« We are surrounded ! » screamed the children almost at the same time, looking around the boat. In any direction we looked, we spotted black caimans (Melanosuchus niger) floating, motionless until you get very close. With a length up to 6 meters and a weight up to 200 kg, they are the most massive predator in continental America. These prehistoric looking animals, with their thick, profiled skin, hypnotizing, almost human looking eyes, and sharp teeth sticking out their long jaws, are the last terrestrials remnants of the giant reptiles of the Mesozoic and lived together with the dinosaurs 80 millions years ago. Their looks have not changed much, if you look at the fossils of that time.
With four species of crocodiles, the Amazon basin is one of the major centres of crocodilian diversity in the world, and three of these species are present in Mamirauá. All of the black caimans seem to have rallied right at the entrance to welcome us to the reserve!
The real welcome awaits us on the central platform of the floating lodge, where Bianca, a biologist and guide, and the six indigenous members of the team (guides, cooks, cleaning ladies, who all come from the four indigenous communities in the Reserve) introduce themselves friendly and warmly. « Forbidden to swim » is one of the strict rules. That we will be easy to respect, even for a group of children that has just come back from the swimming Paradise, Noronha, with the king of the forest in the water at all times.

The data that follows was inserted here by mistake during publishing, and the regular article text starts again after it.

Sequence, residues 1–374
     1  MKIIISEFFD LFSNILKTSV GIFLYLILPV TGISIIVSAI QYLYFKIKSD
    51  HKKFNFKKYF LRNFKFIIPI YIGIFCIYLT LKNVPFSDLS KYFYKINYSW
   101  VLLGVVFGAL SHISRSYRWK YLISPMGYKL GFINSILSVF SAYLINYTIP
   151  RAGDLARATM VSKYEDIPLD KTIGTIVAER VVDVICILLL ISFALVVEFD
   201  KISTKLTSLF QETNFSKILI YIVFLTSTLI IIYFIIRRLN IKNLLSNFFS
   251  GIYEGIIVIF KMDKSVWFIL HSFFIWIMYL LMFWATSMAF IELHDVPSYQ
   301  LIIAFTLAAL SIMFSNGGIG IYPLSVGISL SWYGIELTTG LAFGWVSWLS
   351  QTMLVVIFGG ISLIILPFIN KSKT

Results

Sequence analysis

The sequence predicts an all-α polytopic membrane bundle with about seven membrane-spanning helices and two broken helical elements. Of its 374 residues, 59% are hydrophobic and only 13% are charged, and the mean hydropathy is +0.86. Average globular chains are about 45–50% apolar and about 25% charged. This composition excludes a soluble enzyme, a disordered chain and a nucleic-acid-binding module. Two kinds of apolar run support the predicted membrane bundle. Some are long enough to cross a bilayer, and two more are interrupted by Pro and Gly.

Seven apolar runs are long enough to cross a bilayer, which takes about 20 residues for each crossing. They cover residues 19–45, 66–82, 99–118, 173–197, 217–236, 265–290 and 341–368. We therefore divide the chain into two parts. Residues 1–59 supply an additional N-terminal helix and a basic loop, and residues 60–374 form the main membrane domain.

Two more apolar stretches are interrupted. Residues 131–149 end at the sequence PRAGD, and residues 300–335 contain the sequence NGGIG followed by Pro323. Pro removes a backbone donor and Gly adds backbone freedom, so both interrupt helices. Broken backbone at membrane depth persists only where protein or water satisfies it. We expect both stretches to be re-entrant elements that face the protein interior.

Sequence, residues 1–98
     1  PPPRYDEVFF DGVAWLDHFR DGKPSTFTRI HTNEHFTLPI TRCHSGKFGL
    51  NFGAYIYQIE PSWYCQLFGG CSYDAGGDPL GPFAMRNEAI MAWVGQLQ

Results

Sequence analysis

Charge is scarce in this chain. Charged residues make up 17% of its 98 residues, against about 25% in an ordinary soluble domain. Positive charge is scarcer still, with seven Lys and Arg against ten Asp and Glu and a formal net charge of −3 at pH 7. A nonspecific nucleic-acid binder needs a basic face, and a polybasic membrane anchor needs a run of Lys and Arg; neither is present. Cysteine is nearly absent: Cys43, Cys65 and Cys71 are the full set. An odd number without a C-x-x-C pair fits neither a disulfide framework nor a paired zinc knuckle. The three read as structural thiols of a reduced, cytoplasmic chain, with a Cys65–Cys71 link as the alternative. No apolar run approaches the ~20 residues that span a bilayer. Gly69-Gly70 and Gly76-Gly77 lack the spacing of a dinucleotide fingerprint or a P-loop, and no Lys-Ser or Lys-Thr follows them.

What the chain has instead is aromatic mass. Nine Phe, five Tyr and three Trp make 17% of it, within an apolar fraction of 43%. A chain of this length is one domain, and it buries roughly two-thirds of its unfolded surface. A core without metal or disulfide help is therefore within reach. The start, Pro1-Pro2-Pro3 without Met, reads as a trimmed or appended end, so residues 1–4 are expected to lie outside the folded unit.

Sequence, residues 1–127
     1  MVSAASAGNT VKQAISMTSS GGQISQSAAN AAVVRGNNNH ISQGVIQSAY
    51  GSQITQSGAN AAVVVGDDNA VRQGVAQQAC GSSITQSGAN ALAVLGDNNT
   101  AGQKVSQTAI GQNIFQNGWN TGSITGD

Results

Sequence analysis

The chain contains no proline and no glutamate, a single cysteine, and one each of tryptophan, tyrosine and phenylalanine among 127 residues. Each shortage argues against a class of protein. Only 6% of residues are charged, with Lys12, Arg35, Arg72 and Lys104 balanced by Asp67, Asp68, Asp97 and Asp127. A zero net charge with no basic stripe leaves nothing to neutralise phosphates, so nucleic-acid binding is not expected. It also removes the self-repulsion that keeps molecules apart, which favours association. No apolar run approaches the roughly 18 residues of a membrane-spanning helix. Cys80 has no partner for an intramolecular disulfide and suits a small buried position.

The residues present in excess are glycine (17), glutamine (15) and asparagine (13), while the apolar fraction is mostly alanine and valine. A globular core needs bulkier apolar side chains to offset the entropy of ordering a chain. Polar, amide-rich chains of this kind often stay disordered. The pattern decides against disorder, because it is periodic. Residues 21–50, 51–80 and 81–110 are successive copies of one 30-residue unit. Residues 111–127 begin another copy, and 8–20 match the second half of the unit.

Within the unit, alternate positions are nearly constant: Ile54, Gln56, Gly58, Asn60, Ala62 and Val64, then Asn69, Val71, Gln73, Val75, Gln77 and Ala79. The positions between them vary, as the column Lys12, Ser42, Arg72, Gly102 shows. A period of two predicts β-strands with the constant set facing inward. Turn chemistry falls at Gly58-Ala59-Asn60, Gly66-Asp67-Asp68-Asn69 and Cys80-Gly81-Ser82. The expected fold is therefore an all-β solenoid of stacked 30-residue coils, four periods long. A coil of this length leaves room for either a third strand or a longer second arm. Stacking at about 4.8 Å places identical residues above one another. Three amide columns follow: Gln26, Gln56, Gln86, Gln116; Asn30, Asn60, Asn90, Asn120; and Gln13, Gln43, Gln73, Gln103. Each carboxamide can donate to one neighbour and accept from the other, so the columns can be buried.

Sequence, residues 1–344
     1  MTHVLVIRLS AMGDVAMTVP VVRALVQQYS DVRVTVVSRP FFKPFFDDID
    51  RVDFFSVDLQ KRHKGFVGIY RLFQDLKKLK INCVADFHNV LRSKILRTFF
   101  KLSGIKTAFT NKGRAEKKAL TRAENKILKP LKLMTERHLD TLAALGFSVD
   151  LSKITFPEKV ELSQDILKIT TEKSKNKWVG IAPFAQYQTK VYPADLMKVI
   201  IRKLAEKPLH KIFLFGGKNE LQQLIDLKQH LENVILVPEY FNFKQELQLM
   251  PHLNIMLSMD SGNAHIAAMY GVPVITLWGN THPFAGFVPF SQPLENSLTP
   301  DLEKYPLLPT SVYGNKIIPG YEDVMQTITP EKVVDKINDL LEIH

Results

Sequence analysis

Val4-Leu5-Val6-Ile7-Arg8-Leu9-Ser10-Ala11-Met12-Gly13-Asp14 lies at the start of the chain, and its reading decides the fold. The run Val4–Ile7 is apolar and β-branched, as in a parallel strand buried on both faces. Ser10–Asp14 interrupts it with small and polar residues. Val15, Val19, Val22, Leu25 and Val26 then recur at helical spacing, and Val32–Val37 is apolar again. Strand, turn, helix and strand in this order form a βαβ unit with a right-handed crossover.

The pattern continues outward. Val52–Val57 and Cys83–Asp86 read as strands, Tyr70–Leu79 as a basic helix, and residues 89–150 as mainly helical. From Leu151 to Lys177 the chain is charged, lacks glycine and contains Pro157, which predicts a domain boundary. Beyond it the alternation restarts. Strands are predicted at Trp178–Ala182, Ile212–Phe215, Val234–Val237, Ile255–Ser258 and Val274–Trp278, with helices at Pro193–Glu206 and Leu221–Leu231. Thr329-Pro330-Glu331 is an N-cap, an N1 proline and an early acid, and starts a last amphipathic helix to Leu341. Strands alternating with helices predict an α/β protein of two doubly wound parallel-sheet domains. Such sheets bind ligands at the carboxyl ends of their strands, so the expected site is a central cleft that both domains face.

At the end of the day, Bianca gave a presentation about the Mamirauá reserve, which is in the middle of the Amazon, the biggest forest in the world and larger than Europe. There are thousands of species of animals and fish living here (1,500 species of fish in Amazonia, of which 300 in Mamirauá), some of which are threatened with extinction. Now we could use our experience from former expeditions, to ask the right questions. Alberto inquired about the effects of the protection programs for turtles and was very demanding on the numbers. The more you learn about the Amazon, the more questions come up. Bianca answered all of those patiently. It was already late when it was time for the last question, by Polina. ¨How high can caimans jump out of the water?¨ « About two meters, in less than a second », Bianca said. This fact was presented to us just before we made our way in the dark to the cabins over the boardwalk, where we had seen caimans floating patiently all day, as if they were waiting for the right moment to jump. Guess how easy it was to fall asleep with jumping caiman nightmares and the strange whistle we were all wondering about just as we were closing our eyes.